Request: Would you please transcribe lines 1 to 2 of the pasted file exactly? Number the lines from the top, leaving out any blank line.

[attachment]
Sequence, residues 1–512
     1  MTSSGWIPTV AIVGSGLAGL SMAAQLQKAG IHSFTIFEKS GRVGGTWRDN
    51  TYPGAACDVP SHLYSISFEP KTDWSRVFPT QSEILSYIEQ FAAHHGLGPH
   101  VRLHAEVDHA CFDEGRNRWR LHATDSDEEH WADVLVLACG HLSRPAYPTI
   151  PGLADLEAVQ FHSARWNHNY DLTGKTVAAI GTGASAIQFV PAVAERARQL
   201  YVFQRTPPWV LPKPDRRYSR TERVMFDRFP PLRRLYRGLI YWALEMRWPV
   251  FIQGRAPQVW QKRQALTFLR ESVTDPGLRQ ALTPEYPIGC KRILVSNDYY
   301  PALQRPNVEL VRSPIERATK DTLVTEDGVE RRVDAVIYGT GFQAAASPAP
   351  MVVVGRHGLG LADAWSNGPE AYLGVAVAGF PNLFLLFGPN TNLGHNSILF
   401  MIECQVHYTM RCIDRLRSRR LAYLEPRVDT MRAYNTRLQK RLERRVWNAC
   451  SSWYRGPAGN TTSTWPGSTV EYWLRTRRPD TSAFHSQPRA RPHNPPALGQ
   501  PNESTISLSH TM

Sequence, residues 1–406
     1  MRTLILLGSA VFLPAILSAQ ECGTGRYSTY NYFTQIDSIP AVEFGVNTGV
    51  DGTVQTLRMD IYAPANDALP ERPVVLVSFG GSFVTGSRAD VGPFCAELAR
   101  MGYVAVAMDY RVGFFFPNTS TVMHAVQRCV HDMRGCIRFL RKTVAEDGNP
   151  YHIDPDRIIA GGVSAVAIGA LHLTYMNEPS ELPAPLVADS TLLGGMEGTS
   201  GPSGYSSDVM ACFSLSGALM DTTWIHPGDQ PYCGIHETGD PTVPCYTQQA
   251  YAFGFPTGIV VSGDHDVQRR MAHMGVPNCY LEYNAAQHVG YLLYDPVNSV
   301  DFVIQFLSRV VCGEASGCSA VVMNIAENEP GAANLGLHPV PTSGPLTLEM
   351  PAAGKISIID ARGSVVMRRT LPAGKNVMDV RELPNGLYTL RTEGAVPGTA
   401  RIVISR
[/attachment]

Sequence, residues 1–512
     1  MTSSGWIPTV AIVGSGLAGL SMAAQLQKAG IHSFTIFEKS GRVGGTWRDN